Computer & Internet Etiquette

This page is meant to serve both as a general introduction to the concept of netiquette and a guide to the local conventions followed here at

The term "netiquette" refers to online etiquette; basically the conventions of what is and isn't polite in an online environment. The basic rules of netiquette were established years ago, and reflect three basic concepts:

  1. Remember that even though the interaction is going by way of computers and network lines, there is a human on the other end that should be treated with the same level of respect you would treat him or her in person;

  2. Everyone has limited bandwidth, and most people have to pay for it in some way or another (and with some mobile plans in particular it can be very expensive) -- other people's bandwidth shouldn't be wasted; and

  3. People connect to the Internet in all manner of ways using all manner of hardware and software, and whenever possible system dependencies should be avoided.

The myriad of various rules that have slowly become accepted behavior have all spawned from these three. They are not always obvious, however, and novices often get themselves into uncomfortable situations by being oblivious to the fact that such conventions exist.

For example, Usenet news allows ordinary people to converse directly with the world's leading experts on a vast number of topics. If you're interested in a topic like genealogy, it's quite possible to post a question that will be read by numerous noted experts; such a question could get an extremely negative response however if the basics of netiquette are ignored.

Of course, the Internet is big, and different conventions exist in different parts of it. This guide only attempts to cover the extreme basics -- those conventions that should be assumed unless explicitly told otherwise; and conventions that apply here locally.

General Conventions

There are a handful of general conventions that apply to everything from an e-mail message, a message to a Usenet news group, a form entry on a web site, an online chat facility, or a MUD. Most of these relate to the above three rules in a very direct manner.

  • Online communication tends to be extremely informal in nature. The Internet grew in part out of academia as a research tool, and researchers are often quite informal. Informal is not the same as rude; treat people online as you would treat them face-to-face.

  • Using different type styles isn't safe in most forms of online communication. Whenever you change a type style (or font, for that matter) you will be creating something that others will potentially see as gibberish. Often the underscore character "_" is used before and after a phrase that is meant to be underlined. Quoting phrases is also used, as are capitalizing phrases (but see the next item). Stick only with things that are possible with a regular typewriter (and this includes avoiding things like curved quotes and computer-specific characters -- these will also often appear as gibberish on other people's machines).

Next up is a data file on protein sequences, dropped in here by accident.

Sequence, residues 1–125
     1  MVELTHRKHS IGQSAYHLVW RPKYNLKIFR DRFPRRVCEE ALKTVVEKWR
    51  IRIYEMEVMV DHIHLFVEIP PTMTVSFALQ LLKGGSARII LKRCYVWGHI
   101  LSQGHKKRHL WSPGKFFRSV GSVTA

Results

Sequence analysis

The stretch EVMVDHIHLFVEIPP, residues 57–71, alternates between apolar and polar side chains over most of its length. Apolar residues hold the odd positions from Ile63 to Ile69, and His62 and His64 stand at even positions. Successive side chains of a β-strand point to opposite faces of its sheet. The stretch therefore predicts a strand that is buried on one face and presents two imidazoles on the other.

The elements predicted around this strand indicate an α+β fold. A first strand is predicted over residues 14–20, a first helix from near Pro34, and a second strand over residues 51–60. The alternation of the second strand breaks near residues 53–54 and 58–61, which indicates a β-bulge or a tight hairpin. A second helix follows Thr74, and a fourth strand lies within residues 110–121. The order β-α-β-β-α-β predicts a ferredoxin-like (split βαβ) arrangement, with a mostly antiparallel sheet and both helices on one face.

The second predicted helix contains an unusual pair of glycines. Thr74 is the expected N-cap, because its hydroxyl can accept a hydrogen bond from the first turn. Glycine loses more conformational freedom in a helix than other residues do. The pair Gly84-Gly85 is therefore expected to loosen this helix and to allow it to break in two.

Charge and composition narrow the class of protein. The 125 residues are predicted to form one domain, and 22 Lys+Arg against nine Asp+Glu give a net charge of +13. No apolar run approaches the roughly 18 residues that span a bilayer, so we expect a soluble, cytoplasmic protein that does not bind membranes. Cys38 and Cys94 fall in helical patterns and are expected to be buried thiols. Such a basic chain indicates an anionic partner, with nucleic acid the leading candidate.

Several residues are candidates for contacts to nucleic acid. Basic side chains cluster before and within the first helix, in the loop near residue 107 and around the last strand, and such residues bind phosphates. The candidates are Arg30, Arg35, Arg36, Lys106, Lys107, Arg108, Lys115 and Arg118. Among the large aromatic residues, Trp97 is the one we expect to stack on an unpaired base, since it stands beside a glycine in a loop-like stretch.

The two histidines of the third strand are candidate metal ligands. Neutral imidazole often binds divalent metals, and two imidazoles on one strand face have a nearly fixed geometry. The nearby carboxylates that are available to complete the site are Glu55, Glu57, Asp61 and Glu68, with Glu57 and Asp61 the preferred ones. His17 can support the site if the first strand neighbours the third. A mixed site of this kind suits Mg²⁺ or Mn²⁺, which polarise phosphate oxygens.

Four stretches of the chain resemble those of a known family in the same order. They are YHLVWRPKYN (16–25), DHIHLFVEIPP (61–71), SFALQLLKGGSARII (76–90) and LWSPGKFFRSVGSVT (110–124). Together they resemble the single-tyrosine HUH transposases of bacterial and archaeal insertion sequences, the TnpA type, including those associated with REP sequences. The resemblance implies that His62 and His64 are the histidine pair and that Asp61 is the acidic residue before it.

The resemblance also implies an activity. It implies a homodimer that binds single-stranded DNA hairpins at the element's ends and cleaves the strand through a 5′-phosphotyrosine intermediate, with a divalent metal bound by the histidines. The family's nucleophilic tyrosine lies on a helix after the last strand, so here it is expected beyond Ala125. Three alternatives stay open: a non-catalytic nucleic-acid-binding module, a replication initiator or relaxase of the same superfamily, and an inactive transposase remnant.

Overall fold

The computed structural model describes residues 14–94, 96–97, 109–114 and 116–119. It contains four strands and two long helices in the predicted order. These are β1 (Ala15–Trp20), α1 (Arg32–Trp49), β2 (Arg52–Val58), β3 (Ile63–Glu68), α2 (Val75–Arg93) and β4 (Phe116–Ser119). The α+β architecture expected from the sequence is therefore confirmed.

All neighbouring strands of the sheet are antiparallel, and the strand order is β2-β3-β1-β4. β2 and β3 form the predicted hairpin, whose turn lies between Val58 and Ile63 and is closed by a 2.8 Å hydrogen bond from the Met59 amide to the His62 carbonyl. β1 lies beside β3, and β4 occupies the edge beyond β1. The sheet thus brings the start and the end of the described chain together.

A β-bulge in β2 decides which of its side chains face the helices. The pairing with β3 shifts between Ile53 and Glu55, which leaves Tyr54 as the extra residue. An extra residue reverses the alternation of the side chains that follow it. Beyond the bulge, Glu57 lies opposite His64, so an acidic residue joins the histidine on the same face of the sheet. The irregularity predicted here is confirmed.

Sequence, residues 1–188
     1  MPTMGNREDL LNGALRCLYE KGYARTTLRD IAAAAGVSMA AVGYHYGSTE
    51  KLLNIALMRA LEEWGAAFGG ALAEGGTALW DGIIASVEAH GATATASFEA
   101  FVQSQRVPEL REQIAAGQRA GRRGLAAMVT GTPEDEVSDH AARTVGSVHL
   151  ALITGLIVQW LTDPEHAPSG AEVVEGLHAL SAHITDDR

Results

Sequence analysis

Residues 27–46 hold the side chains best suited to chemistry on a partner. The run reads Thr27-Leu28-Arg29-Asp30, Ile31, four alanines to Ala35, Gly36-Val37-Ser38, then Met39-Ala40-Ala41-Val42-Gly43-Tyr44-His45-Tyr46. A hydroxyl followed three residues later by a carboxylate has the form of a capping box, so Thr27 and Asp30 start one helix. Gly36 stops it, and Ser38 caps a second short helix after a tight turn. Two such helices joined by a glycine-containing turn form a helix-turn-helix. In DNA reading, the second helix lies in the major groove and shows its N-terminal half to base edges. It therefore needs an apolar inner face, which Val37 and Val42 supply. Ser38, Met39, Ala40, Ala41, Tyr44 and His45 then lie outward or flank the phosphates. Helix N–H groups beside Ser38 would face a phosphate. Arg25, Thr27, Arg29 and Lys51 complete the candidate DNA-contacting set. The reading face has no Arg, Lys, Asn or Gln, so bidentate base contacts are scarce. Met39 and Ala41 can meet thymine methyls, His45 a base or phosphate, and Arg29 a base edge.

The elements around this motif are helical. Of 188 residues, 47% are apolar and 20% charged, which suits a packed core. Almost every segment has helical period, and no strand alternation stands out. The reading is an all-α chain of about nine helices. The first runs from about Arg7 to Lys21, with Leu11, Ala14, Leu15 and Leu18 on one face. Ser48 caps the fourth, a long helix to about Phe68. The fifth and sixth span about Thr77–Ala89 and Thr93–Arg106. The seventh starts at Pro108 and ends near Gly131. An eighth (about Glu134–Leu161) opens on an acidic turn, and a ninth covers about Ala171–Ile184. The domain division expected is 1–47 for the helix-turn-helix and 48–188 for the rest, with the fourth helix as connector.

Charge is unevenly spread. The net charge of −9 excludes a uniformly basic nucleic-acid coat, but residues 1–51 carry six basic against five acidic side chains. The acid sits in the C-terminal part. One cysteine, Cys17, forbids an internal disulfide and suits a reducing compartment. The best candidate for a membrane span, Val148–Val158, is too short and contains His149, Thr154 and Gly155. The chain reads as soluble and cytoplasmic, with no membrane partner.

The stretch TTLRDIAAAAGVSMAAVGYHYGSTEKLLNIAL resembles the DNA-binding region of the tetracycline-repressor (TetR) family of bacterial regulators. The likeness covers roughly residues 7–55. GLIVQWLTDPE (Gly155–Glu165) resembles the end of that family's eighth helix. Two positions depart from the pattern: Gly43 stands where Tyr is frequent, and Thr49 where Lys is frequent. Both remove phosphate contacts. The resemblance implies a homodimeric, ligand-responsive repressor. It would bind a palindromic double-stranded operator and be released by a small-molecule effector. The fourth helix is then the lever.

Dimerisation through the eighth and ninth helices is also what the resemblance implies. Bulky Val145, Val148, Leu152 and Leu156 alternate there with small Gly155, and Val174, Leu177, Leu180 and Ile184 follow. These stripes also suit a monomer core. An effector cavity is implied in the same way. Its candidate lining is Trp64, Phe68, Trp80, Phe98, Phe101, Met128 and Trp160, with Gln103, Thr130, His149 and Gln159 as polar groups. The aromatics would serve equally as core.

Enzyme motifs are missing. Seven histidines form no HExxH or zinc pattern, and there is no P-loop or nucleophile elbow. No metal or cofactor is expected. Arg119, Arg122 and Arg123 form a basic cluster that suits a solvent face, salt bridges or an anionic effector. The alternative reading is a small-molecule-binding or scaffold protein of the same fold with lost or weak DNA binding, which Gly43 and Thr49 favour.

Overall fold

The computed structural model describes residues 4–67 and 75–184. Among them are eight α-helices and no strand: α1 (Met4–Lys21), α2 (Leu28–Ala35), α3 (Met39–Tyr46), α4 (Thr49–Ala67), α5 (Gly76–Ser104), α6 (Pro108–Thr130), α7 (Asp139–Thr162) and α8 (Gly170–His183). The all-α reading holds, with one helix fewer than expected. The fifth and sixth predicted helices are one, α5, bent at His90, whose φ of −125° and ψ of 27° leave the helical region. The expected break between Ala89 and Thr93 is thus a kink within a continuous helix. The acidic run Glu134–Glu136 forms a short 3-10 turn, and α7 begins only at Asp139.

• Typing something in all capital letters is considered shouting. Capitalization should only be used extremely sparingly for emphasizing particular words or short phrases. If (for whatever reason) only all upper or all lower case may be used, it's generally better to go with all lower case. Most people don't shout most of the time in face-to-face conversations; most people probably don't want to shout most of the time in online communications.

  • Don't send someone a binary file (this includes pictures, audio clips, video clips, animations, etc.) without asking first. Ensure that the person's Internet connection and hardware / software combination can handle such a download and that the person's hardware and software will be able to make sense of the file. A person accessing the Internet from a cell phone usally won't want your WAV or AVI file, no matter how cool it is.

  • Respect other people's privacy. Don't publish things that were meant to be private. Most people wouldn't broadcast a private phone conversation over a P. A. system during a crowded event; publishing a private e-mail message over Usenet (or whatever) is a similar action.

  • Respect other people's material. Don't take other people's work and pretend it's your own. The Internet is a mostly friendly place; often people will allow you to use their material free of charge if you just give them the proper credits. Remember the Internet's research roots.

  • As something that started off in a very non-commercial way, the Internet by-and-large has something of an anti-commercial attitude. Don't expect that just because something allows posts it allows commercial posts.

  • While the advanced users often grumble about newbies and the various problems they cause, remember that everyone starts off that way. As you get more advanced, always try to show the newbies by example; go easy on them and remember your own social blunders as you learned about the online world.

E-Mail-Specific Conventions

People often inadvertently abuse e-mail. The note about binary files above applies double to e-mail -- people use e-mail as a business tool and access it from cell phones, airplane phones, remote kiosks, PDAs, and in all manner of (often expensive and uncomfortable) ways. This fact should always be kept in mind when sending an e-mail to someone, especially if it's to a business address. E-mail addresses are usually in the form of "" where the "machine" part is not always used; the "domain" part will typically be something like "com" for commercial, "net" for network, "org" for non-profit organization, "edu" for educational facility, etc.; the "place" is the actual target site; and the "username" is the name (or handle) of the target person. If only the username is given, the rest is assumed to be the same as for the current user.